The city and county of Honolulu, Hawaii, Olathe, Kan., Roseville, Calif. and Eden Prairie, Minn. received first place rankings in the 2011 Digital Cities Survey, according to the results announced on Wednesday, Nov. 2.
The 11th annual survey spotlights the municipalities that best show how information and communication technology are used to enhance public service. The survey is conducted by the Center for Digital Government and Government Technology.
The top 10 cities are selected in four different population categories and judged on the criteria of enterprise applicability or impact across multiple program areas, measurable progress from the prior year, hard dollar savings or soft dollar benefits as a result of technology use, innovation and a demonstration of effective collaboration.
Survey entries are judged by senior fellows and executives from the Center for Digital Government. The cities chosen in each category were picked from hundreds of municipalities taking part in the survey, according to the Center. The survey was underwritten by AT&T; CDW-G; Hyland Software and Symantec.
In cities with populations of 250,000 or more, the city and county of Honolulu, Hawaii, took top-billing in the 2011 Digital Cities Survey. One of their most innovative projects that helped them capture first place is Kokua Wireless, a free island-wise municipal Wi-Fi Internet service installed without taxpayer money.
Gordon Bruce, director and CIO of the city and county of Honolulu, said he was “at a total loss for words,” when word came down that Honolulu had finished first in the survey. The Kokua Wireless system was at first, just a simple idea he and a colleague thought up over coffee: take a bunch of antennae and ask businesses to put them up in their buildings and share their Internet.
In exchange, the businesses receive free advertising over the system. Every 30 minutes the Internet connection is refreshed to prevent illegal downloading, and when it boots back up, and the user is reconnected, they are immediately routed to the website of one of the businesses who are housing the antennae.
“The first day we installed 15 antennae and only one store owner said no,” Bruce explained. “We announced it and word of mouth helped expand it.”
Bruce said the system is now up to almost 200 nodes and the loose grassroots group that put together the wireless network is looking to start an “Adopt Your Node” program. This way, groups of people can be responsible for individual antennae if they lose connectivity or issues arise.
In addition to Kokua Wireless, Honolulu has been busy on a number of other technological fronts. Bruce helped organize the CIO Council of Hawaii where CIOs from the public and private sector across the entire state get together to collaborate on issues such as disaster planning and preparedness and system implementations.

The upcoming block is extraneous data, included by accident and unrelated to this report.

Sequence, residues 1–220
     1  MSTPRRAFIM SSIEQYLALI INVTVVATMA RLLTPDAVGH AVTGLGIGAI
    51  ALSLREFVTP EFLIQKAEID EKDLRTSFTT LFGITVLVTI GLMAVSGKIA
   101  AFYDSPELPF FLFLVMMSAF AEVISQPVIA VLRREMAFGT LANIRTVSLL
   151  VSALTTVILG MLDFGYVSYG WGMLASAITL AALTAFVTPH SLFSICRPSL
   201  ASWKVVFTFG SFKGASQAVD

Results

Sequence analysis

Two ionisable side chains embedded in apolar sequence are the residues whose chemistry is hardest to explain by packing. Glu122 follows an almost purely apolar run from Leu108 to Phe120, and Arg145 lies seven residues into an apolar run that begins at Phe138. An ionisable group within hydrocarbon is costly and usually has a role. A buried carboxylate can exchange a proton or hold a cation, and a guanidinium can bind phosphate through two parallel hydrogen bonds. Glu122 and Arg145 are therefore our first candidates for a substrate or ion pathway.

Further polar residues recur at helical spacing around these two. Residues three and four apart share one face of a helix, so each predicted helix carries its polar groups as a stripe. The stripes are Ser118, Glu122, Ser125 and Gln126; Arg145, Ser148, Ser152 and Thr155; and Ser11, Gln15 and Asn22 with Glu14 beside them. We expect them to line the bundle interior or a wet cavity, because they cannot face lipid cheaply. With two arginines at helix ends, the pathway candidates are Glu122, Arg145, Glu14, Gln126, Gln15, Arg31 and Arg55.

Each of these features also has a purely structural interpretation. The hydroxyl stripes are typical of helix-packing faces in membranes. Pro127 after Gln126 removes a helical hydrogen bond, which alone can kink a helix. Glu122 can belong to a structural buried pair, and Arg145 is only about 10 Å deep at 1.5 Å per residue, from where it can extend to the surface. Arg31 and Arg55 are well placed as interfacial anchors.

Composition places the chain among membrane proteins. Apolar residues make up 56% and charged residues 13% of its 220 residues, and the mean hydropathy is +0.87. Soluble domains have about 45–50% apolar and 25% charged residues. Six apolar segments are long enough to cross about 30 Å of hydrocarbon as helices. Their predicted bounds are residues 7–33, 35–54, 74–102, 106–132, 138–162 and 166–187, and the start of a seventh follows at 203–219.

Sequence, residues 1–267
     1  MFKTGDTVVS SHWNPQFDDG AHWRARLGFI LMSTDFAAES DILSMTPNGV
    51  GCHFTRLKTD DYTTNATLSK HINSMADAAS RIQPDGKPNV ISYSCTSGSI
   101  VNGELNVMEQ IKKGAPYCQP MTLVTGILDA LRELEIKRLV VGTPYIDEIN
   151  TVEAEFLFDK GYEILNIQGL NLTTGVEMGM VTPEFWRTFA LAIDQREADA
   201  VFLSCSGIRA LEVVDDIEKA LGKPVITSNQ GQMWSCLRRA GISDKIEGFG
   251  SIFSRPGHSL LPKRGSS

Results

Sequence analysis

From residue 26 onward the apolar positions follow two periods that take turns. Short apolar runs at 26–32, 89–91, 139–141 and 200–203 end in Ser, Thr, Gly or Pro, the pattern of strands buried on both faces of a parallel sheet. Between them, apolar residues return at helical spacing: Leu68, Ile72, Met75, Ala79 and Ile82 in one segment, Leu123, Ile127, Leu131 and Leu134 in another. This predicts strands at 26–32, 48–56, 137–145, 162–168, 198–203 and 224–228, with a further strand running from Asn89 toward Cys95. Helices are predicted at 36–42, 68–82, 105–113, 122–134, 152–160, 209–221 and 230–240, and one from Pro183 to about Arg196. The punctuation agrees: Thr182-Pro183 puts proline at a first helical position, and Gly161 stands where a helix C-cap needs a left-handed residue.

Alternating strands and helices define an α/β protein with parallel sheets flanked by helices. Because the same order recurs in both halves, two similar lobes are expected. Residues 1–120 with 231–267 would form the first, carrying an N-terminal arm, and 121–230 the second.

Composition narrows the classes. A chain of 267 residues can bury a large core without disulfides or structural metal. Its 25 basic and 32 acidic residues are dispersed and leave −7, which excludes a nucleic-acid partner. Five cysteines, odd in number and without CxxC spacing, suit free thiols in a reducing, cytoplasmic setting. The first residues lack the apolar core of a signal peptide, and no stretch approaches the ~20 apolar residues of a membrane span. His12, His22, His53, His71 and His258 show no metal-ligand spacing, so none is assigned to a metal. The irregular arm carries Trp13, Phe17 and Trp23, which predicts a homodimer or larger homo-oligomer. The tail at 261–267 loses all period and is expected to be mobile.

Honolulu has also implemented an ERP system that has replaced individual financial, human resources and payroll systems. By consolidating into one overall application, the city saved $12 million and reports that it will save an additional $18-35 million annually going forward.
Olathe took home the top spot in this year’s Digital Cities Survey for populations ranging from 125,000-249,999, thanks in part to a number of cost-saving and engagement projects. The first was working with Johnson County, Kan., to host cross-jurisdictional 9-1-1 dispatch services. Chris Kelly, IT director for Olathe, explained that a couple years ago, the city realized it “desperately needed” a new dispatch facility.
At the same time, Johnson County was in the midst of building their own, so Olathe officials reached out initially to work with the county to use their new center. As talks evolved, so did the request — ultimately, the county agreed to run 9-1-1 dispatching for both itself and the city, saving the city more than $300,000 annually in staffing, software and hardware costs.
In addition, energy consumption in Olathe is down as a team of city employees identified performance contracting as a way to fund other municipal improvements. For example, revenue generated by water meter upgrades in Olathe is funding other energy-efficiency projects, such as solar panels for the city’s car wash and controls that turn vending machines off when not in use.
Social media use really put the city over-the-top though, according to Kelly. He said that for years, the city wanted to improve its citizen engagement in budget meetings, but found limited success using traditional methods such as community meetings.
But recently, the city took to Twitter, Facebook and other online methods for E-town halls. The city brought its entire city council into its TV production studio, had a local news personality host the event, and had viewers and listeners write in with questions from social media networks and via e-mail and got a great response to the changes.